Kent also claimed that he reached out to the Jewish community, issuing Turkish identity documents to scores of Turkish Jews living in southern France, or those who had fled there and did not hold valid Turkish passports.[9] Kent also said that he went to Gestapo headquarters to protest against their the stripping of males in the street in Marseilles to determine whether or not they were Jews (by circumcision); Kent rebuked the German commander and informed him that circumcision did not necessarily prove an individual's Jewishness, since Muslims are also circumcised.[9]

Verification of claimsEdit

Historian Marc David Baer notes several inconsistencies in Kent's story, concluding that it is "manufactured".[4] Historian Corry Guttstadt examines the claims made, concluding that "Kent's heroic action is just completely unfounded". She criticized attempts to use "an imaginary rescue of Jews as a publicity tool".[12]

The International Raoul Wallenberg Foundation researched the role of Turkish diplomats during the Holocaust, reporting:

to date, it was not possible to receive any independent, objective third party corroboration to the self-testimony of Mr. Necdet Kent, regarding his having boarded a Nazi deportation train and released a number of Turkish Jews from deportation or death. No single survivor or survivor’s descendent, has ever come forward verifying this account. All the IRWF attempts to get access to the official Turkish Archives, utilized by Shaw, have been ignored.[3][13]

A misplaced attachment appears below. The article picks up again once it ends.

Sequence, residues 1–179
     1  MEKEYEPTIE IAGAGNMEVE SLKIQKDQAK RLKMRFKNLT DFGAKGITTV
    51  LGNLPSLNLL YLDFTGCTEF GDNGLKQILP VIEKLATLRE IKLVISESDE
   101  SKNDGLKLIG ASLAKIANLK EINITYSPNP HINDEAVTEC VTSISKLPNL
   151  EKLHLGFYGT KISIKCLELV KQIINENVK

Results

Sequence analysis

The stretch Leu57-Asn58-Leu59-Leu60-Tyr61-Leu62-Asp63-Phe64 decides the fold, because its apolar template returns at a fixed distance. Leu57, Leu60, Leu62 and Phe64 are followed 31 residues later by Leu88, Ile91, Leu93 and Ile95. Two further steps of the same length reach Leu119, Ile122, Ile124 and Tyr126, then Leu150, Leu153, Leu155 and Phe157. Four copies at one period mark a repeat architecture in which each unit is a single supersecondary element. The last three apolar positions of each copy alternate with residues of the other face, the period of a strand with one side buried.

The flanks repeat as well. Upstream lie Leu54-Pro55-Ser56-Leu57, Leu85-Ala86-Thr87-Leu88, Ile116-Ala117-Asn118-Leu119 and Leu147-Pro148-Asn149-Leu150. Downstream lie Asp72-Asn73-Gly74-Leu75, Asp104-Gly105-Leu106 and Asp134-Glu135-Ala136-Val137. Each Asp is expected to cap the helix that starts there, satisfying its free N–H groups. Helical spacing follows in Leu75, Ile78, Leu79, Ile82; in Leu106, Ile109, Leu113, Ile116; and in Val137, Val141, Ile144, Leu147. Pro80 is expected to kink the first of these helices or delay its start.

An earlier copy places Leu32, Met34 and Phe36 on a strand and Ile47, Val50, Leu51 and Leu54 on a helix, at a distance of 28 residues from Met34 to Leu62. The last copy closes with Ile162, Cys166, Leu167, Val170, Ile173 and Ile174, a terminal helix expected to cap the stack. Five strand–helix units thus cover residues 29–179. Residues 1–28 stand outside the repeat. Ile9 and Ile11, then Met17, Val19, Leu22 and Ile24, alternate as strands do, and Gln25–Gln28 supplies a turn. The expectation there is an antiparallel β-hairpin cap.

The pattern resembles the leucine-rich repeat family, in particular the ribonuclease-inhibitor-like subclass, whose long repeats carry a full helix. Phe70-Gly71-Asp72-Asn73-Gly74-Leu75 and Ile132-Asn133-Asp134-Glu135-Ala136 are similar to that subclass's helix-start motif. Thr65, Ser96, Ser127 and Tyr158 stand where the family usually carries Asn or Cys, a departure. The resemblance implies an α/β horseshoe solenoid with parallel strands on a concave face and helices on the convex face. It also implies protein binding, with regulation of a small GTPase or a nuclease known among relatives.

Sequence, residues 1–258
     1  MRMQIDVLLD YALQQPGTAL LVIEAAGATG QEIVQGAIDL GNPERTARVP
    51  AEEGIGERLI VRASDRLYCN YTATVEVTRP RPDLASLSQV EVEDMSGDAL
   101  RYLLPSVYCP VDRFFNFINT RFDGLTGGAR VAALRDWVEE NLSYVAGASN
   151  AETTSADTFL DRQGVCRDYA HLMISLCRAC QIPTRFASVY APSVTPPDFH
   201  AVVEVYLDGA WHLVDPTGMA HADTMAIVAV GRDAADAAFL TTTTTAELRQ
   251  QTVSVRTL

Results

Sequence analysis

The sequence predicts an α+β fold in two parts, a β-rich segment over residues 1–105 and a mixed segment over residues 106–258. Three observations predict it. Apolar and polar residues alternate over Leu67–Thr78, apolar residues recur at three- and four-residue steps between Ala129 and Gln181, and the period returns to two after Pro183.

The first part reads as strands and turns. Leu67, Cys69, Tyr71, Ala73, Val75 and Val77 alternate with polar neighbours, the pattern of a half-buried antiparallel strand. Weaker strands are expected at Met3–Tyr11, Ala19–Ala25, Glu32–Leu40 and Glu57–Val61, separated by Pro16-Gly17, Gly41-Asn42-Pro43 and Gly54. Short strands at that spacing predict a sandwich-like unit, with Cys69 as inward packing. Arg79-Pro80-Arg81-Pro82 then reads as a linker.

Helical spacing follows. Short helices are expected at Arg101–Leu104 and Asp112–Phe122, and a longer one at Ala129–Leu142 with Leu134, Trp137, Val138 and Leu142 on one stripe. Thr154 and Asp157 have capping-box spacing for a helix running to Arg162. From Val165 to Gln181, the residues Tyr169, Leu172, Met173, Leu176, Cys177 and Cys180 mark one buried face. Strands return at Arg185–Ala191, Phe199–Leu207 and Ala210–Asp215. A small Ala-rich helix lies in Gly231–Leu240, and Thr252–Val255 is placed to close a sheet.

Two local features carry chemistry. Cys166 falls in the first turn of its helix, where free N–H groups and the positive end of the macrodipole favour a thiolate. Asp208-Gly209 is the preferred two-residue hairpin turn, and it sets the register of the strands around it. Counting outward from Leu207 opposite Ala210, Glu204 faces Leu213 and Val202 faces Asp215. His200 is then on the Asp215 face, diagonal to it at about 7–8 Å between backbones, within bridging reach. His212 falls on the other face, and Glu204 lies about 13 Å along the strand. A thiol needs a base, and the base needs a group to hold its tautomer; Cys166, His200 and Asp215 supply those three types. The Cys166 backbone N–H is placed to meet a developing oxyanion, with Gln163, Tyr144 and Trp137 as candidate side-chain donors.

Kent has not been recognized as Righteous Among the Nations.[14]

Legacy and honorsEdit

In 2001, Kent, Namık Kemal Yolga and Selahattin Ülkümen, also Turkish diplomats who had worked in Europe and saved Jews during World War II, were honoured with Turkey's Supreme Service Medal.[citation needed]

See alsoEdit

ReferencesEdit

  1. ^ everyone in Turkey at that time had a year of birth but not a date of birth
  2. ^ a b Baer 2020, p. 193.
  3. ^ a b Baer 2020, p. 199.
  4. ^ a b Baer 2020, pp. 193–194.
  5. ^ Bahar, I. Izzet (2014). Turkey and the Rescue of European Jews. Routledge. p. 190. ISBN 978-1-317-62599-5.
  6. ^ Guttstadt, Corry (2008). Turkey, the Jews, and the Holocaust. Cambridge University Press. p. 220. ISBN 978-0-521-76991-4.
  7. ^ Uğur Ümit Üngör. "Üngör on Burak Arliel, 'The Turkish Passport' | H-Genocide | H-Net". networks.h-net.org. Retrieved 25 December 2020.
  8. ^ "Büyükelçilik Tarihi ve Önceki Büyükelçilerimiz" (in Turkish). T.C. Stokholm Büyükelçiliği. Retrieved 2018-04-04.
  9. ^ a b c d e f "True courage of one who had to act: Necdet Kent, Turkish diplomat 1911-2002", The Daily Telegraph, London; reprinted on Sydney Morning Herald.com, 1 Oct 2002, accessed on September 25, 2008
  10. ^ "Büyükelçilik Tarihi ve Önceki Büyükelçilerimiz" (in Turkish). T.C. Varşova Büyükelçiliği. Retrieved 2018-04-04.
  11. ^ a b Etgar Lefkovits, "Necdet Kent: Le Consul turc qui a stoppé le train de la mort!" (The consul who halted the death train) Archived 2006-12-20 at the Wayback Machine, Bleublancture.net, 21 Sep 2000, accessed 3 Dec 2009
  12. ^ "Film Review: Turkish Passport | Sephardic Horizons". www.sephardichorizons.org. Retrieved 14 January 2021.
  13. ^ "Turks saved Jews from Nazi Holocaust". The International Raoul Wallenberg Foundation. Retrieved 25 December 2020.
  14. ^ Baer 2020, p. 166.

Further readingEdit

  • Baer, Marc D. (2020). Sultanic Saviors and Tolerant Turks: Writing Ottoman Jewish History, Denying the Armenian Genocide. Indiana University Press. ISBN 978-0-253-04542-3.

Films

  • Turkish Passport (2011) www.theturkishpassport.com